In Ghana, the main challenge has been vigilante groups. We’ve been working very closely with the RC office and other partners to focus on different initiatives, bringing on board youth and women’s groups, other civil society activists, religious and traditional leaders, eminent Ghanaians, to take a firm position against election-related violence, and especially vigilante groups, to make sure that they do not play a spoiler role in the forthcoming elections, reminding all stakeholders of the good example Ghana has provided in the area of elections and electoral governance, and the enviable record that it has. So, every effort needs to be made to ensure that vigilante activities do not mar this rather proud record the country has.
In Niger, also a country that is preparing for elections, we have a very good example set by the president, who is finishing his second term and is not seeking another term in office. There, we have embarked on a number of missions over the past months leading up to the election, meeting all stakeholders, political parties, civil society groups, women and youth, and the electoral management bodies, working with them on creating a peaceful enabling environment for the conduct of credible elections. The opposition has so far refused to take its seats on the CENI, nevertheless it is fully cooperating by preparing itself to participate in the elections. So, we will continue our efforts to engage with opposition parties and urge them to work with the CENI, so that the processes put in place by the CENI for the elections are completely known and understood and accepted for the conduct of the upcoming general election. We will work, again, with other partners in Niger to hold and all-stakeholders forum where we will bring on board all the political and civic actors to engage in voter education and training of trainers.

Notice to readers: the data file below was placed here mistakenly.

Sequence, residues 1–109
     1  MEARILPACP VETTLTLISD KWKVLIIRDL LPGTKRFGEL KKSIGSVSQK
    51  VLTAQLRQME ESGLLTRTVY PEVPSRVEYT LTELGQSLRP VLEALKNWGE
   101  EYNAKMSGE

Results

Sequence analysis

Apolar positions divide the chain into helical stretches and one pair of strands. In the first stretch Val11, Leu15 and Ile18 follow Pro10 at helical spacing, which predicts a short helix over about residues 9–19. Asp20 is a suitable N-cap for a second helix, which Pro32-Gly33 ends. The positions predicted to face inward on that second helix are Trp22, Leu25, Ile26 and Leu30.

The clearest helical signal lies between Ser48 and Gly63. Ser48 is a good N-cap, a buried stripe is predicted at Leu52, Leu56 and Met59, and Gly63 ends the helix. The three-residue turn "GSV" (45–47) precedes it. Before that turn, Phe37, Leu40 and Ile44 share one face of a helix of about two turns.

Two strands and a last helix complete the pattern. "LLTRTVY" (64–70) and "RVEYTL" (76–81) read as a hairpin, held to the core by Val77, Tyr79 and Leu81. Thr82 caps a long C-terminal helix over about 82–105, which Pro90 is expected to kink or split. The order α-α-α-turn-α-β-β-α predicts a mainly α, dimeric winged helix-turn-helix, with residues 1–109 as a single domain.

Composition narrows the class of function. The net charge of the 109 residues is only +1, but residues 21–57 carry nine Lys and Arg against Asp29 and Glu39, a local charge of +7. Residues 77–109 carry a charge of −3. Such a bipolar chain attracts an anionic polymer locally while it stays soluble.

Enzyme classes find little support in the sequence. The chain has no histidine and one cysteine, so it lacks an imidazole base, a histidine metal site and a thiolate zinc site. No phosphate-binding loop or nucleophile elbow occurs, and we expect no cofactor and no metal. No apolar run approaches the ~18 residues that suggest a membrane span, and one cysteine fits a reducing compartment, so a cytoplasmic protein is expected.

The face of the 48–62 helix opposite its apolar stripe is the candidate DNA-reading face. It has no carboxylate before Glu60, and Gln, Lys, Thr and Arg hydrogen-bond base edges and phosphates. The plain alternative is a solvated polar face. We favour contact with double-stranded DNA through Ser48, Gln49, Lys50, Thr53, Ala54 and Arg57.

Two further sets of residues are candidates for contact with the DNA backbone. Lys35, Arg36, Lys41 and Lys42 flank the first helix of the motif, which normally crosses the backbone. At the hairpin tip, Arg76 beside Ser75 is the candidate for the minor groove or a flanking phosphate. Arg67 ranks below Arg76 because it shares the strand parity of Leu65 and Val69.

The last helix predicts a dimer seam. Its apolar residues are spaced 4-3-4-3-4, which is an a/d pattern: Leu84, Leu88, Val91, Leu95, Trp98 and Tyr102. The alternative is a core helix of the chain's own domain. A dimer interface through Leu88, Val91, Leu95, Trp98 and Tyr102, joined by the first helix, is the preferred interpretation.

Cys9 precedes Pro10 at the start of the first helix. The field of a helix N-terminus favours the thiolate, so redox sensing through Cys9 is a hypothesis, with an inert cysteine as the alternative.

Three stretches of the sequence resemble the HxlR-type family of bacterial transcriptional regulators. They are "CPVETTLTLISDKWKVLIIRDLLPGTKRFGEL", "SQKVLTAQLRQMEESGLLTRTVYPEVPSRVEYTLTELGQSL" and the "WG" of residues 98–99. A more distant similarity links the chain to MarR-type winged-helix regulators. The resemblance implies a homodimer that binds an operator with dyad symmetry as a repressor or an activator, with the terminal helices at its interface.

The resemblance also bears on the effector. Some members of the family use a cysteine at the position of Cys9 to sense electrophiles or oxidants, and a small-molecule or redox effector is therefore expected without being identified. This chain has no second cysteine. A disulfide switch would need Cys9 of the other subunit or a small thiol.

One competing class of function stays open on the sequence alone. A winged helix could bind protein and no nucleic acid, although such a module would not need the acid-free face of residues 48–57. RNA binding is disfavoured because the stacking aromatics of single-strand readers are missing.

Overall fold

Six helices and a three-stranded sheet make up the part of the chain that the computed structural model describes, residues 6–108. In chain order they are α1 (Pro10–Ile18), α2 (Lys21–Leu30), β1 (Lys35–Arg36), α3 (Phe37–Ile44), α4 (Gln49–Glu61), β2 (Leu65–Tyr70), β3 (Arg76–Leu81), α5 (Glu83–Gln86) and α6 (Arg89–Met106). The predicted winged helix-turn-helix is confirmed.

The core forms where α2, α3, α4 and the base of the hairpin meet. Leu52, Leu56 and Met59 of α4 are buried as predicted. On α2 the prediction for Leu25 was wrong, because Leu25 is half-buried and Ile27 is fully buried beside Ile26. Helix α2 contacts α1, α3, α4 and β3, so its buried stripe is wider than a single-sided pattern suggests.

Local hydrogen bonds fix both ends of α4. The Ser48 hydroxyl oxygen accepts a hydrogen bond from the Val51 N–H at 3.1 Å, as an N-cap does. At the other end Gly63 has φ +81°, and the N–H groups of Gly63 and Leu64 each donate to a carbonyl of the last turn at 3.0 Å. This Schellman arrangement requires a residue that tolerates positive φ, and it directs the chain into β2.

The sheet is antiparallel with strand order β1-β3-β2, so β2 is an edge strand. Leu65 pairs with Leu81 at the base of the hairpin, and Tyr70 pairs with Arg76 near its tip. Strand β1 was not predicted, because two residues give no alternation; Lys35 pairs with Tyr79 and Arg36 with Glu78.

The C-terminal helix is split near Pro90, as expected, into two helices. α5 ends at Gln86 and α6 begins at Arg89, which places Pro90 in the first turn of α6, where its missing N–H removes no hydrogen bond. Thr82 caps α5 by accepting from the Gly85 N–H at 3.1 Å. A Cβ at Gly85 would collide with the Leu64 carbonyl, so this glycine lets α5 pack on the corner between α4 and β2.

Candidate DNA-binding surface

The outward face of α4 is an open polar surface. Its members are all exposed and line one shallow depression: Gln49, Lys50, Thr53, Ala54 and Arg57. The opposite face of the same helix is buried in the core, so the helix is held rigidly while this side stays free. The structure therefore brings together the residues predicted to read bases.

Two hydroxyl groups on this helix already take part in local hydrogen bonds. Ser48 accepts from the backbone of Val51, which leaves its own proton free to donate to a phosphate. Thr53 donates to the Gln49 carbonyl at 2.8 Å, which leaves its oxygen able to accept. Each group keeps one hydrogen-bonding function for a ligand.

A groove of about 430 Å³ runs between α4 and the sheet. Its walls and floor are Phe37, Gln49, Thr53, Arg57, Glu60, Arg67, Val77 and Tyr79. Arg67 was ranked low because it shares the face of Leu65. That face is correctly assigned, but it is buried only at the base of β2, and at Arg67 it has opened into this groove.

What has been the impact of the COVID-19 pandemic on the preparation of elections in the region?
I must say that the COVID pandemic looms large over the region and has to some extent interfered with their preparations for the elections. I commend the effort of countries in spite of COVID to speed up different operations that have been undertaken, albeit somewhat delayed. Especially the voter registration exercises in most countries had to be put on hold. In Niger, a technical partner of the Electoral Commission for the compilation of a biometric register withdrew, causing some difficulties.